He effectively mobilized evangelical voters — as part of a superior ground game — to catapult him to a win in the Iowa caucuses, as did Mike Huckabee before him in 2008 and Rick Santorum in 2012.

On the trail, in debates and on the airwaves in South Carolina, he's aggressively played up Trump's past stated support for abortion rights and Planned Parenthood and used the Supreme Court vacancy created by the Saturday death of Justice Antonin Scalia as a clarion call to conservatives.

Cruz, as in the case of other GOP candidates, has also appealed to evangelical voters by voicing support for Israel as both the cradle of Judeo-Christian values and America's staunchest democratic ally in the Middle East during a period of extreme volatility.

It's a time-tested strategy for Republicans making a play for religious voters — and not just Christians.

What remains to be seen is whether Cruz's strategy for gleaning the support of Christian conservatives will pay off as it did in the Midwest, or whether Trump and Rubio — the latter newly endorsed by ultra-popular Gov. Nikki Haley and positioning himself as a unifying candidate — will erode his base.

Love thy neighbor: Some young Palmetto Staters who don't care for the fire and brimstone politics of candidates like Trump or Cruz are cleaving to the campaign of Bush — the early A-lister of the 2016 Republican primary cycle who has seen his prospects dwindle.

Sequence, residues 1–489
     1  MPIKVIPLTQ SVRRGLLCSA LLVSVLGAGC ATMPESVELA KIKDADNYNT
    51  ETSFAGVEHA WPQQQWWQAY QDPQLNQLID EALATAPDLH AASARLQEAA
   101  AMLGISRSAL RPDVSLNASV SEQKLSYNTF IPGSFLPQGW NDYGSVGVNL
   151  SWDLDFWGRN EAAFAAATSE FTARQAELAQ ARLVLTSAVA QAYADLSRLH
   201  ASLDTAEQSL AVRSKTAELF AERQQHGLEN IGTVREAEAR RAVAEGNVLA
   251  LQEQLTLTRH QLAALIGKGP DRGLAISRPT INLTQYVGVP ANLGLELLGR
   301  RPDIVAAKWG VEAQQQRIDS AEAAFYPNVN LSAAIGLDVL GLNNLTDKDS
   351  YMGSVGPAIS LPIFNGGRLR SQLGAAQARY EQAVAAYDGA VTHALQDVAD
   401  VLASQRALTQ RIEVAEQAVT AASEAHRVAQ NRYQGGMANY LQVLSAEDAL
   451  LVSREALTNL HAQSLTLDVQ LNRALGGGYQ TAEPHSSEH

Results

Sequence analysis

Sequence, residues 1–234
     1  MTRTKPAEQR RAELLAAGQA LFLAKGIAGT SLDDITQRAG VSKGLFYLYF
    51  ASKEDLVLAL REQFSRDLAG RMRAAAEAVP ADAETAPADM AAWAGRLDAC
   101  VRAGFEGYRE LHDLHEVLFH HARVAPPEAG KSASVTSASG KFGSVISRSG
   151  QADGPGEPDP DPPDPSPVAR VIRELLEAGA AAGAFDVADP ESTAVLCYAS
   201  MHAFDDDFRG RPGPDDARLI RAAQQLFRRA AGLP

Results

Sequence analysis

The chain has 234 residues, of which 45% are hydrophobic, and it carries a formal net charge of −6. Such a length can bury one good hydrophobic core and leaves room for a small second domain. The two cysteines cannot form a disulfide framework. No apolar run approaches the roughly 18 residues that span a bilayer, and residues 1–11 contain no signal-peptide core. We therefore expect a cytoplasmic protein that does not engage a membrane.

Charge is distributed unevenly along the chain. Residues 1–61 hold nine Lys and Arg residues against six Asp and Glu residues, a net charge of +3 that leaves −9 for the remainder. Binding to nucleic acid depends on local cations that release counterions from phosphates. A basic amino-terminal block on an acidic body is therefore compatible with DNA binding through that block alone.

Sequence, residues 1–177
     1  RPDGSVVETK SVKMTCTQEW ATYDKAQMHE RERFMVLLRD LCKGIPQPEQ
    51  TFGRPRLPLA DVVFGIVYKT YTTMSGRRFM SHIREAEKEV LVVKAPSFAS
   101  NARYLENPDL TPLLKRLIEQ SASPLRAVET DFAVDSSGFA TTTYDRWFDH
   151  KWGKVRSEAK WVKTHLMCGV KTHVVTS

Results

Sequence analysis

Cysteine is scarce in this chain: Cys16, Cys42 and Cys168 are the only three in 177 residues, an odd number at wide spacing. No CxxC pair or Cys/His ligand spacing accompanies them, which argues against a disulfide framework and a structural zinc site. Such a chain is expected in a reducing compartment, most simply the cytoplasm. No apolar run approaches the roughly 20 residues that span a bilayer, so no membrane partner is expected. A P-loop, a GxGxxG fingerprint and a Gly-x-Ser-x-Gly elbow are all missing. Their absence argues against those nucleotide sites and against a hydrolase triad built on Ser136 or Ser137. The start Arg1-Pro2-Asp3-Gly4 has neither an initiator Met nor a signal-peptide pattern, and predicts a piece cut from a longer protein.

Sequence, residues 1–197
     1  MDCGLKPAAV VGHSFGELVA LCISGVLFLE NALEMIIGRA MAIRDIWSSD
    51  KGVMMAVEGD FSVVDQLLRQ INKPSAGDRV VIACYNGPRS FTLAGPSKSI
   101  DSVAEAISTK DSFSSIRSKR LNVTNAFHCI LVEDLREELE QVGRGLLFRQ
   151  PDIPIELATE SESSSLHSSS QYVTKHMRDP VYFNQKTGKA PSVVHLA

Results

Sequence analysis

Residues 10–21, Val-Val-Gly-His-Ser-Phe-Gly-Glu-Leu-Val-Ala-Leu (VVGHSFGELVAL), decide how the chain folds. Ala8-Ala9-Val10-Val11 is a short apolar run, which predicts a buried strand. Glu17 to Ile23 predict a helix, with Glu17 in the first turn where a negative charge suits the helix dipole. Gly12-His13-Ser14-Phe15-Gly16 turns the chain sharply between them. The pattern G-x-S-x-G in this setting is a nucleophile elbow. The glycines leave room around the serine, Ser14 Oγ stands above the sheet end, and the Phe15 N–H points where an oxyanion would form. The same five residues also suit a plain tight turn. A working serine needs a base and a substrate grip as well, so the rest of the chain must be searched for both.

Charlestonian Felicia Haynes, a 27-year-old military employee, said her own deep Christian faith "helps keep me grounded [and] do the right thing," and she believes it would do the same for Bush if he were to win his long shot presidential bid.

Haynes calls Bush, who was baptized in the Episcopalian church and converted to his wife's Catholicism about 20 years ago, a "wholesome man" whose religion "keeps him honest" — and whose efforts to stay above the primary mudslinging she finds admirable.

Unjoyful noise unto the Lord: Suffice it to say the GOP hasn't cornered the market on finding the intersection of faith and politics.

Pastor Thomas Dixon showed up at a Bernie Sanders rally in Charleston Tuesday. He told Mic that while he's not naming his primary pick yet, he'll certainly go with a Democrat — and feels the GOP is distorting the intent of the Scriptures for its own purposes.

Dixon left behind the brick-and-mortar ministry, he said, for "the hood," where he works as an organizer through a group he co-founded called The Coalition — People United to Take Back Our Community.

He's also president of the Carolina Alliance for Fair Employment, and as former addict who's very open about telling a stranger he's been "as low as you can get and as high as you can get in America," he said he feels strongly about those who feel they are without sin and can cast the first stone in a politico-religious context.  

Where he feels Republicans spin Christianity as "judgmental" sometimes, "It's actually a religion of love — and what they don't seem to understand is that the mandate for us [as Christians] is to love God first and to love our neighbor second. Nowhere does it say we're called to fix them," he told Mic

Understanding and tolerance is what's needed — notably, he said, in a city that bears the scars of the horrific murders at Mother Emanuel Church.

"When you're just as messed up as the next person, who are you to try to fix somebody else?" Dixon asked. "And that's what Jesus meant when he said, 'Judge not, because in the manner that you judge, so shall you be judged.'"

South Carolina Republicans will get the opportunity to judge their candidates Saturday.